Scabies 200501

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    [Sarcoptes scabei]

    Causal Agent:

    Sarcoptes scabei, human itch or mange mites.

    The mites burrow into the skin but never below thestratum corneum. The burrows appear as raisedserpentine lines up to several centimeters long.

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    Sarcoptes scabeimite.Females are 0.3-0.4 mm long and 0.25-0.35 mm wide.

    Males are slightly more than half that size.

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    Sarcoptes scabeiundergoes egg, larva, nymph and adult.

    Females deposit eggs as they burrow through the skin. After

    the eggs hatch, the larvae migrate to the skin surface and

    burrow into the intact stratum corneum to construct almostinvisible, short burrows called molting pouches. After larvae

    molt, a nymphs is released. The nymphs molts into slightly

    larger nymphs before molting into adults. Larvae and nymphs

    may often be found in molting pouches or in hair follicles and

    look similar to adults, only smaller. Mating occurs after the

    nomadic male penetrates the molting pouch of the adult

    female. Impregnated females extend their molting pouches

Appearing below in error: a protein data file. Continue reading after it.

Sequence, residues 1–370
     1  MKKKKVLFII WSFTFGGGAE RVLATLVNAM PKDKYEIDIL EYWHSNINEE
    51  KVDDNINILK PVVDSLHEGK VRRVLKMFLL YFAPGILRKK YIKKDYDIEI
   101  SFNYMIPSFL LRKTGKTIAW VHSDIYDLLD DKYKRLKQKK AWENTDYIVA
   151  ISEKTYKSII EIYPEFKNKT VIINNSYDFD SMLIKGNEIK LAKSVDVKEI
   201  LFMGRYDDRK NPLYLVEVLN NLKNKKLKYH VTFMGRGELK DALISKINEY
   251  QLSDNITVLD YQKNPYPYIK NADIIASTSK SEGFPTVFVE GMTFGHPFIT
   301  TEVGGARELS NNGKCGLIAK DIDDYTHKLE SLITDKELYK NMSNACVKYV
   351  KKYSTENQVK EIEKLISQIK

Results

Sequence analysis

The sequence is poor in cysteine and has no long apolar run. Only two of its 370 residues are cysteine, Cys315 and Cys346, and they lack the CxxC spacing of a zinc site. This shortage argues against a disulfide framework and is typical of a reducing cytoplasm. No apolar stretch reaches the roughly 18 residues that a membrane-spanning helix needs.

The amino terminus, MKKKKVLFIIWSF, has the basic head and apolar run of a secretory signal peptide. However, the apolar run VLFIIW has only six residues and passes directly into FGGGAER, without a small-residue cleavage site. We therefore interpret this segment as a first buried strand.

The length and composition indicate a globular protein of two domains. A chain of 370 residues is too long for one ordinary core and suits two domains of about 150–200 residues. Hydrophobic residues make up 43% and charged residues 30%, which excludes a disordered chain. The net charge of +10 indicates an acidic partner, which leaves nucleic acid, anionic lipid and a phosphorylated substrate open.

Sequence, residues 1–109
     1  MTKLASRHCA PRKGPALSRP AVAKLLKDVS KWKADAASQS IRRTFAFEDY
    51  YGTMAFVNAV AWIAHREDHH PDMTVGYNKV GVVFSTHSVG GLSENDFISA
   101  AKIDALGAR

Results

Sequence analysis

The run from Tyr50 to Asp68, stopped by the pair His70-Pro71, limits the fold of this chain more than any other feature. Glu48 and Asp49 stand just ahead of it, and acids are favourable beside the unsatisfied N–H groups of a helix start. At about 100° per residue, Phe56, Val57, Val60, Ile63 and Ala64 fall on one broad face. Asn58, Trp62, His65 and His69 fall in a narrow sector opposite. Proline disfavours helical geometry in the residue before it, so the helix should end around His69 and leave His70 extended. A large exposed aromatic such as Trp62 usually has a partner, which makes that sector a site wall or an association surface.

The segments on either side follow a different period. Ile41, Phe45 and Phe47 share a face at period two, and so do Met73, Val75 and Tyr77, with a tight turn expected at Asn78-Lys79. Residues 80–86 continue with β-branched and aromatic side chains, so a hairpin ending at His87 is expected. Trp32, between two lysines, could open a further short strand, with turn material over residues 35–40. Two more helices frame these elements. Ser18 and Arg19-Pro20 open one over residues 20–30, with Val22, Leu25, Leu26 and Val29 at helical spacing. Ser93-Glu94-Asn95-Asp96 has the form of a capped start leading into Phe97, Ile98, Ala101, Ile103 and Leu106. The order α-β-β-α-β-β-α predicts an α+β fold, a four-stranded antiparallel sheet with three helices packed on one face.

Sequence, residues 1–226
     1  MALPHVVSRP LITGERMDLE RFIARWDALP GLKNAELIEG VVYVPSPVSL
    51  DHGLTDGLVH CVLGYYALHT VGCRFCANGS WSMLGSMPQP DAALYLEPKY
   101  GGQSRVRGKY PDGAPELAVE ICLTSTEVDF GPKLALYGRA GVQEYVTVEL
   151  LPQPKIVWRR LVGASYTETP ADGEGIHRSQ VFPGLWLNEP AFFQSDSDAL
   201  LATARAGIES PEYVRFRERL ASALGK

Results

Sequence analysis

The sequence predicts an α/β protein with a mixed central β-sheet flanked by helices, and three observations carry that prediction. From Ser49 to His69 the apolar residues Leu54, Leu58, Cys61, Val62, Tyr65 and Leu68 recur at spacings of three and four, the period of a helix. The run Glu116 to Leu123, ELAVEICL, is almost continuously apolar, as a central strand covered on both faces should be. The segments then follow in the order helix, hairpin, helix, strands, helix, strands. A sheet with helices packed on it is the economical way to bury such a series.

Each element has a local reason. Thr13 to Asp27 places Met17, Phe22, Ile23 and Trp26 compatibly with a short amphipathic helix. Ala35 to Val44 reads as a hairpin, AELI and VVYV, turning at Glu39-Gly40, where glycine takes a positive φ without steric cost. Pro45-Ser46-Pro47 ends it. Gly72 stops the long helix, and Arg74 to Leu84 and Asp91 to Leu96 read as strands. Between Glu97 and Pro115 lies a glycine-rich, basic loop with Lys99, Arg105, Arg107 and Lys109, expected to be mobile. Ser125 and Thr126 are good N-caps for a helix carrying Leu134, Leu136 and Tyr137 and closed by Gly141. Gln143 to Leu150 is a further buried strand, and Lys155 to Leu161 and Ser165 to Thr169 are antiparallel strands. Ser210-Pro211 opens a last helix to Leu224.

into the characteristic serpentine burrows, laying eggs in the

    process. The impregnated females burrow into the skin andspend the remaining 2 months of their lives in tunnels under

    the surface of the skin. Males are rarely seen. They make a

    temporary gallery in the skin before mating.

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    Transmission occurs by the transfer of ovigerous

    females during personal contact.

    Mode of transmission is primarily person to person

    contact, but transmission may also occurvia fomites

    (e.g., bedding or clothing).

    Mites are found predominantly between the fingers

    and on the wrists, later on elbows and the rest of the

    body. The buttocks, women's breasts and externalgenitalia may be involved.

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    Cross sectional view of the burrows created in theepithelium by Sarcoptes scabei.

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    Clinical FeaturesScabies itch is due to the sensitization of the patient to the

    mite and eggs and is characteristically nocturnal. Septicpustules may develop after scratching, if the hygiene is poor.

    When a person is infested with scabies mites for the first time, there is

    usually little evidence of infestation for the first month (range 2 to 6 weeks).

    After this time and in subsequent infestations, people usually become

    sensitized to mites and symptoms generally occur within 1 to 4 days. Mitesburrowing under the skin cause a rash, which is most frequently found on

    the hands, particularly the webbing between the fingers; the folds of the

    wrist, elbow or knee; the penis; the breast; or the shoulder blades. Burrows

    and mites may be few in number and difficult to find in some cases. Most

    commonly there is severe itching, especially at night and frequently overmuch of the body, including areas where no mites are living. Complications

    due to infestation are usually caused by secondary bacterial infections